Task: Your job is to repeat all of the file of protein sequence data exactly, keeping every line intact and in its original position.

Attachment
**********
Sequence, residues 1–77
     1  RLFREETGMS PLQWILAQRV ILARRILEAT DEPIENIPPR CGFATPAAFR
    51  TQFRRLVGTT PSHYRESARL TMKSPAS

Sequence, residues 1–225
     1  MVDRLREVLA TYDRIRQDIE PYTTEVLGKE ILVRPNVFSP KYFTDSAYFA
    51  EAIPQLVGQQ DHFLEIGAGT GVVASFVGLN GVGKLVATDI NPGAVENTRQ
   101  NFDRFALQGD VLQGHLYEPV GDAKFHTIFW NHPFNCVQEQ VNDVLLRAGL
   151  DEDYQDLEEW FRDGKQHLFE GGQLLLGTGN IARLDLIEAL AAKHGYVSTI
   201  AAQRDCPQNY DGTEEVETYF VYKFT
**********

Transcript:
Sequence, residues 1–77
     1  RLFREETGMS PLQWILAQRV ILARRILEAT DEPIENIPPR CGFATPAAFR
    51  TQFRRLVGTT PSHYRESARL TMKSPAS

Sequence, residues 1–225
     1  MVDRLREVLA TYDRIRQDIE PYTTEVLGKE ILVRPNVFSP KYFTDSAYFA
    51  EAIPQLVGQQ DHFLEIGAGT GVVASFVGLN GVGKLVATDI NPGAVENTRQ
   101  NFDRFALQGD VLQGHLYEPV GDAKFHTIFW NHPFNCVQEQ VNDVLLRAGL
   151  DEDYQDLEEW FRDGKQHLFE GGQLLLGTGN IARLDLIEAL AAKHGYVSTI
   201  AAQRDCPQNY DGTEEVETYF VYKFT